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Review “Fantastic Beasts: The Crimes of Grindelwald” Less Beasts, More Secrets

I loved the first Fantastic Beasts film. It had wonder, imagination and humor as well as a deft touch with complex issues. I adored Eddie Redmayne as Newt Scamander. His acting was quirky and brilliant. Well before the sequel was out, I was already excited to see it, hoping for more of the characters I’d fallen in love with in the first. I was especially loving the idea of Jude Law as Albus Dumbledore. So when the film came out, I was so ready to see it. It does have the all the beautiful graphics and creatures from the original with some new beasts for us to enjoy. It carries the story forward from the first movie but this complex story is far darker with more machinations and secrets.

In this film, Newt is back home in Britain, having been banned from travel to other countries due to his escapades in New York. His brother, Theseus (Callum Turner) attempts to regain his access but by having him join the ministry to help locate Credence (Ezra Miller). He learns that Gellert Grindelwald (Johnny Depp) has managed to escape and the ministry fears that Credence will be a danger, especially if Grindelwald gets his hands on him. Newt refuses and is warned by his brother that he is being watched. We also get to meet Leta Lestrange (Zoe Kravitz) who is engaged to Theseus and is likely Newt’s lost love, mentioned in the first film.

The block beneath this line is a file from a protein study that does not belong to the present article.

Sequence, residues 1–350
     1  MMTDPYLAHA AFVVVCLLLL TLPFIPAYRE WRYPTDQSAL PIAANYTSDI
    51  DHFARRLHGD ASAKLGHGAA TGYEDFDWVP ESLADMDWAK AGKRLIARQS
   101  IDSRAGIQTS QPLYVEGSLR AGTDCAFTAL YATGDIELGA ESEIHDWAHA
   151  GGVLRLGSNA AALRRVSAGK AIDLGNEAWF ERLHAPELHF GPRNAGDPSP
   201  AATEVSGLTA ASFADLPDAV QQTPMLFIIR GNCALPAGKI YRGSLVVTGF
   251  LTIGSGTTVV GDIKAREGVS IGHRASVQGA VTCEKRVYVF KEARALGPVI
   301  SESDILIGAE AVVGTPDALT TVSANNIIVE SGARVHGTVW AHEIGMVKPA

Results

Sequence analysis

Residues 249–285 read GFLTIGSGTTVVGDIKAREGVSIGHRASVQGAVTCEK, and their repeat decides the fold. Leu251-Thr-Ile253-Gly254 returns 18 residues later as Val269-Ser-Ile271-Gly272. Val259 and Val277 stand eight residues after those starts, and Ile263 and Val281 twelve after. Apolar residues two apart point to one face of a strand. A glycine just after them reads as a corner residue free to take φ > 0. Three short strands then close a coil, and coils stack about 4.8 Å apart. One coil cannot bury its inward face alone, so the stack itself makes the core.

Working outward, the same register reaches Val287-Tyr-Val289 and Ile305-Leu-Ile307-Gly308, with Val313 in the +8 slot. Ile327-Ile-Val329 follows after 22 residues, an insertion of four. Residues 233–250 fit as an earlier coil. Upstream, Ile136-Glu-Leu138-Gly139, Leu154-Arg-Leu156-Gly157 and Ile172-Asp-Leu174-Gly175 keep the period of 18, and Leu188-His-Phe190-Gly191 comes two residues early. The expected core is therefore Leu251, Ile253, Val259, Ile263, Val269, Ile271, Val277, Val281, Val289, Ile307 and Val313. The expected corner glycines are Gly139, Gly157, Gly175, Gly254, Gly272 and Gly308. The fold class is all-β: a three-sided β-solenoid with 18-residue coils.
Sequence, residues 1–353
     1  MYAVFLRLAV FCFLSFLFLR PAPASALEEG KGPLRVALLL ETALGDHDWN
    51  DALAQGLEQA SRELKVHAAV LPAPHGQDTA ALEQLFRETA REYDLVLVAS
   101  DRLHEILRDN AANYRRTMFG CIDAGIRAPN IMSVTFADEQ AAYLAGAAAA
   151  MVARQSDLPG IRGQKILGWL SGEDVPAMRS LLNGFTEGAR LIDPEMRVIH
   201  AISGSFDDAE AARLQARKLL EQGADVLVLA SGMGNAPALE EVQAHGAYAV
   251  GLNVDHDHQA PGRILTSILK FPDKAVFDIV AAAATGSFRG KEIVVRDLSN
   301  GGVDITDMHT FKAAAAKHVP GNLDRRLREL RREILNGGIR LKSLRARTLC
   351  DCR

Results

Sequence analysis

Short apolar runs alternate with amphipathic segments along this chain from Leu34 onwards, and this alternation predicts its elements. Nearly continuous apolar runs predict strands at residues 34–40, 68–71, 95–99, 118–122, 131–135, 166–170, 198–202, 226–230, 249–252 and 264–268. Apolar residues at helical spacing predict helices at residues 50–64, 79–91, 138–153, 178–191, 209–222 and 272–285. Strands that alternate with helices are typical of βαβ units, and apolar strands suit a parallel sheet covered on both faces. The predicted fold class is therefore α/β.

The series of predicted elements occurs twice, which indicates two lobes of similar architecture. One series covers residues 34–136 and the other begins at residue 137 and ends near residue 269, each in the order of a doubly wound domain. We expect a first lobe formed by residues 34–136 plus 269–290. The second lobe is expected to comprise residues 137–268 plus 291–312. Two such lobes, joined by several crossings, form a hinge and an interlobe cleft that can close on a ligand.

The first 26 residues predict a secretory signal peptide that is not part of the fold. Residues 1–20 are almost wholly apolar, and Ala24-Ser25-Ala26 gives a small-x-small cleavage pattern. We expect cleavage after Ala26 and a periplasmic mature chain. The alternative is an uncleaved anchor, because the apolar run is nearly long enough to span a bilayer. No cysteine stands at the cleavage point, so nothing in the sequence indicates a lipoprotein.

Albus Dumbledore (Jude Law) asks Newt to look for Credence, to keep him safe but Newt hesitates, stating he doesn’t want to take sides. Jacob Kowalski (Dan Fogler) and Queenie (Alison Sudol), his girlfriend show up at Newt’s. Queenie has enchanted Jacob because he doesn’t want to marry due to the restrictions on her being with a Muggle. Queenie leaves to find her sister, Tina (Katherine Waterston), who Newt hasn’t stopped thinking about. He and Jacob head off to search for the women. While they do, the ministry continues to try and find Grindelwald while Grindelwald has gone to Paris to search out Credence and enact his vision, that will raise purebloods to rule over all non-magical beings. In Newt’s search, he finds love and loyalties tested as lines are drawn and friendships divided.